received "about $90,400" when she sold the house. Laurel said they used the funds

from the house in Houston to buy the Costa Mesa house and the house in Kent

Laurel testified about necessary repairs for the house in Kent. Laurel said the
"water damage needs to be fixed," the carpets and hardwood floors need to be

replaced, there are holes inthe walls, and the house'needs to be repainted inside and

out.' Laurel obtained repair estimates to replace the roof, 28 double-pane windows,the
concrete porch and driveway, a wood deck, and the fence. Laurel testified that as of

August 16,2015,the balance on the outstanding mortgage on the Kent house was

Laurel admitted she did not'allow [Gulizia]to have the home appraised.' Instead

of a real estate appraisal, Laurel sought to Introduce a'comparative market analysis'

prepared by two realtors with a "suggested list price for the house.' The court denied

admission ofthe exhibits but allowed Laurel to testify as to the value of the house.

Laurel testified the house'could bring about $400,000, but all of these repairs need to
be done prior to that.' Laurel testified she was not'planning to stay In the house" and

asked the court to 'include the cost of sale in the reduction of valuation' because the*

sale "will eventually happen.'


Laurel testified that the two Citibank accounts with community funds totaled

approximately $363,000 and $395,060. Laurel admitted she transferred community

funds of$40,000 to her separate Wells Fargo account and In late 2015-2016;Laurel

purchased a 2015 Lexus RX450 hybrid for $55,000. Laurel testified that she has a

Boeing 401(k)retirement fund, a Boeing pension plan,"Ameritrade accounts,'and one

E•TRADE account but did not present any evidence on valuation. Laurel asked the

court to distribute all the property lalccording to Income."

Gulizia did not dispute Laurel owned the house In Houston. Gulizia testified he

and Laurel bought the Costa Mesa house with'a hodgepodge ofthe proceeds from the

Houston house'and joint funds. Gulizia said they used proceeds from the Costa Mesa
house to buy the house in Kent.

Gulizia testified that an upstairs shower in the Kent house'leaked Into the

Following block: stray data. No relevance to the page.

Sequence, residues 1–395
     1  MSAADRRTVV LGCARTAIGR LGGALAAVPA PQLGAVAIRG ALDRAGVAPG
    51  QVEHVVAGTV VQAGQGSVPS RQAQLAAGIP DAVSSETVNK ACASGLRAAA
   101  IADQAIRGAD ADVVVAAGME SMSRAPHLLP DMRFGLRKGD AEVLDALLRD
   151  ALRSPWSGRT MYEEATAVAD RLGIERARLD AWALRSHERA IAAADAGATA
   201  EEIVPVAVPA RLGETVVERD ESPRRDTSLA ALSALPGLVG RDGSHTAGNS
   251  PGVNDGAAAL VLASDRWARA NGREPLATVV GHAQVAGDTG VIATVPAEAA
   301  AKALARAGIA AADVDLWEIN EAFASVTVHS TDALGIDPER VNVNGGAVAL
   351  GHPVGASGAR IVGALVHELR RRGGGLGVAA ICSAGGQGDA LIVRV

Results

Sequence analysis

butlers pantry'in 2013 and the `hardwood floor and the walls were damaged." Gulizia
said they received 06 or $7,000"from the home Insurance company but Laurel would

not agree to hire the contractor. Gulizia testified that other than the floors and walls, the
house did not"need any other repairs." Gulizia testified that the work estimates Laurel

obtained are "home Improvements ... not necessary to sell the house.' Gulizia wanted
to "be bought out for[his)share of the equity'in the Kent home.

Gulizia said he attempted to obtain an appraisal of the home but Laurel refused
to allow the "appraiser In the house." Gulizla introduced a ZIllow estimate of the value

of the Kent house. The court denied admission of the exhibit but allowed Gulizia to
testify about the proposed value. Gulizia testified that If sold as is, the value of the

home Is $455,000. Gulizia submitted a Kelley Blue Book value for his 2008 Toyota

Sienna. Gulizla testified that he has savings accounts at BECU.


During closing argument, Gulizia asked the court to follow the recommendation

of the parenting evaluator and designate him the residential parent. Gulizia argued

Laurel did not"overcome the community property presumption" that the Kent house Is

community property. *There Is zero evidence as to what they sold the California home
for, zero evidence as to what they bought the Washington home for,(and] nothing to

show how the money moved along." Gulizia asserted Laurel tried to "deflate the home's

value'with optional maintenance and repair estimates. Gulizia asked the court to order

Laurel to pay "one half of the ... net value of the home."

Laurel argued the court should maintain "the current plan'and designate her as

the residential parent. Laurel asserted the children have "thrived with this existing plan"

because Laurel Is the "sole provider of the educational benefits" and is "the sole person
... Involved in doing all of these activities." Laurel argued she was entitled to an

equitable lien of approximately $90,000 and the court should divide the assets on a
"disproportionate basis' because there Is a "disparate amount of Income.'

The court entered a dissolution decree,findings of fact and conclusions of law, a

parenting plan, and a child support order. The court designated Laurel the residential

parent As agreed to by the parties, the court awarded Laurel the Kent house. The

courtfound the Kent house was a community asset and Laurel did not carry her burden
of establishing the right to an equitable lien.

The division of real property discrIbed in the order is fair,just, and

equitable. Both spouses agreed that the court should award the Kent
Property to the Respondent. And In their proposed orders, both spouses
proposed the language that the court uses In section 8.2 of the Final
Divorce Order.


The division of community personal property described In the final order is

fair,just, and equitable. In their proposed orders, both spouses proposed